Why am I so tired? Pt. 2: The heart of the matter

February 22nd, 2015




“One ought to hold on to one’s heart;

for if one lets it go, one soon loses control of the head too.” 


― Friedrich Nietzsche




Actor and rapid fire comedian Robin Williams once remarked about his declining state of health preceding his heart bypass surgery:


“I just began slooooowiiing dooooooowwwwnnn.”



Curiously, it is not unusual for comedians to joke about heart disease nor suffer from it. In part two of this short series on energy and health we will look at the connection between the heart’s role in regulating and distributing energy along with its stewardship of our mind and wellbeing.




This dual role can have profound effects on how we feel and the energy we can (or can’t) access. In part one (click here if you missed it ) we looked at the role of breathing and the lungs in energy production or sabotage. We said that in the chi model of energy the lungs were the ‘bellows’ that drove the force of chi around the body. Contrastingly the heart had the role of regulator and distributor of that force.


In the same way that our car does not use all its petrol at once but instead feeds small amounts into the pistons for regulated and controlled ignition, the heart’s role is to apportion regular and rhythmic amounts of our total energy for controlled distribution around the body. Think of a mechanised water sprinkler chopping up the available flow into regular streams for distribution over a greater area.





If you still think the heart is the master of your pulse and not your lungs try this simple experiment. Hyperventilate for 10-15 seconds while taking your pulse. It speeds up. Now, intentionally slow your breathing so each in breath and outbreath takes 10 seconds each to complete with a short pause in between. Notice how the pulse slows down to reflect this?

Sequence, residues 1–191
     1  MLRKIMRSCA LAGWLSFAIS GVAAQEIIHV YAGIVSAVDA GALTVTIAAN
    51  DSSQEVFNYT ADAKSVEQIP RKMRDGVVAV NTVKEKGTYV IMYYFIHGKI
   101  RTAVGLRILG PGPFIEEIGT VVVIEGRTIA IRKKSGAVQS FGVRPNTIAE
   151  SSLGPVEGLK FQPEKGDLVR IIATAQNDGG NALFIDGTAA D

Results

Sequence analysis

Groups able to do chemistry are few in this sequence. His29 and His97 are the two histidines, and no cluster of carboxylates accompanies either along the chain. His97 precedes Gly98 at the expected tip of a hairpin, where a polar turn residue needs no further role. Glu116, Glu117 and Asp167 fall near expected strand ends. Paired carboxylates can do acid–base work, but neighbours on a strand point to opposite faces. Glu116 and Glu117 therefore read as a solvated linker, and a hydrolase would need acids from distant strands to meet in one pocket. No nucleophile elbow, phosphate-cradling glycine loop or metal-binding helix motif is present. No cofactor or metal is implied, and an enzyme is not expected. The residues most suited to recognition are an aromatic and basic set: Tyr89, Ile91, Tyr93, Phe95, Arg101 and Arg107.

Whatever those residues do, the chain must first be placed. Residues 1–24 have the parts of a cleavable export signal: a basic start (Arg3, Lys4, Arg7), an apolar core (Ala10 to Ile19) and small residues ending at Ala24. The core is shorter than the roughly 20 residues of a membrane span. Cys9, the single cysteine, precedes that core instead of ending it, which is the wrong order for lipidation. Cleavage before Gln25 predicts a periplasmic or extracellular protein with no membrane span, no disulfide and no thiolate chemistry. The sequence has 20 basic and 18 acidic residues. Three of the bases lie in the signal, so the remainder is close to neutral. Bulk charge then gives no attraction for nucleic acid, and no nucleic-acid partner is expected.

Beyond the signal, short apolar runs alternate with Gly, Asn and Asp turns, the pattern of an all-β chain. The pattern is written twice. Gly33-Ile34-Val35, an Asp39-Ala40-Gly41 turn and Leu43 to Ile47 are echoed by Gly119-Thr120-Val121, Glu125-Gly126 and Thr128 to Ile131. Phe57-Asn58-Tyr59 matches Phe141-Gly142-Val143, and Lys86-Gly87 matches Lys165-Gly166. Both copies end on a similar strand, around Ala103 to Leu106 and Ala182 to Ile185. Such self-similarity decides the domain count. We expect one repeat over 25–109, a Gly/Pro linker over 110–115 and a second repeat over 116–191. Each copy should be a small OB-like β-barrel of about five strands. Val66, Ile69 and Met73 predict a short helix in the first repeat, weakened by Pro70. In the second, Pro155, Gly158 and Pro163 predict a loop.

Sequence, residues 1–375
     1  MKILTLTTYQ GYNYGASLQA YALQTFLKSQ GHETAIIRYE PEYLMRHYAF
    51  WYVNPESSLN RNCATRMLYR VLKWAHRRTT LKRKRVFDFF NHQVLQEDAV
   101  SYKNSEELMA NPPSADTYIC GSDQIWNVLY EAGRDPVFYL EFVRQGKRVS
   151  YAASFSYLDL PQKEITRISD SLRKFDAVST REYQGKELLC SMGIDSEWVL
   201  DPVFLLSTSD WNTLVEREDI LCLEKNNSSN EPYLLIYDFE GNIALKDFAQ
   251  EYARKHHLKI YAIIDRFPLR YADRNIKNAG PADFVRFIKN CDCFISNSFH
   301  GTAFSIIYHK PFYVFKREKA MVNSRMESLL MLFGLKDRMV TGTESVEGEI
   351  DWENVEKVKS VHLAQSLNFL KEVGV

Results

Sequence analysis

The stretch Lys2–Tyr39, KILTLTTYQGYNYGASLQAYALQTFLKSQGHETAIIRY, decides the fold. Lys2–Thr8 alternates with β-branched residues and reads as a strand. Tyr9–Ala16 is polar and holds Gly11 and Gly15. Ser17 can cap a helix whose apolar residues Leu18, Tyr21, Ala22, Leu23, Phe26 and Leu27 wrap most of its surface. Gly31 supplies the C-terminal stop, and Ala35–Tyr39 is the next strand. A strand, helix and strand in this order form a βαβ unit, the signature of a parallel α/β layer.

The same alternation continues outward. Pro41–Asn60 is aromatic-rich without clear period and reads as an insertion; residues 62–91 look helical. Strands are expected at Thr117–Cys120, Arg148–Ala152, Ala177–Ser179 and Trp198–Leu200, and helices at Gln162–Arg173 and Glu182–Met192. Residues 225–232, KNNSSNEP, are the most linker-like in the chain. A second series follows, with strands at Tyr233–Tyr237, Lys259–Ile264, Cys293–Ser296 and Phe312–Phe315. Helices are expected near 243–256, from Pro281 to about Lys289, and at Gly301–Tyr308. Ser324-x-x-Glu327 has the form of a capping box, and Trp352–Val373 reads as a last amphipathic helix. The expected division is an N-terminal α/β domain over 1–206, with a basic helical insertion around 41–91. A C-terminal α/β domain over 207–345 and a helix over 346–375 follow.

The heart is part of the Fire element. That fire can be fanned or suffocated by the lungs and their control of Da Chi (air/oxygen). There are other ways to restrict the heart’s regulation of energy however.



 Cutting the supply lines


Many an army has been defeated in foreign campaigns when their supply lines have been compromised. The heart has the title: ‘The Emperor’ – in traditional Chinese medicine (TCM). This emperor relies heavily though on his ‘Fire Minister’ for reliable communication with his kingdom.


The Fire Minister has been known in these blogs under other names – The Heart Protector/The Heart Constrictor/The Kind-Cruel Guardian of the Heart/The Pericardium – and its responsibility in the body is to ensure proper circulation back and forth to the heart via the blood vessels.[1]


It is actually quite rare that the heart itself has issues. This is usually considered a genetic anomaly that is sometimes not even detected until adulthood. It can also be damaged through exhaustion and overtraining.



The vast majority of physical heart issues are due to the build-up of obstructive plaque, particularly in the coronary arteries immediately supplying the heart



Observe the flow of water from a garden hose. Now step on it, narrowing the gauge of the tube and increasing the pressure of the water that does get through. Now think of the strain on a heart muscle trying to push through such obstruction.






In a healthy person the heart beats somewhere between 50-85 times per minute unless there is greater physical activity. That is well over 100,000 times per day! Consider how much drain there is on our energy if our heart has to work with this extra load of partially blocked blood vessels. It would be like driving our car with the handbrake half on.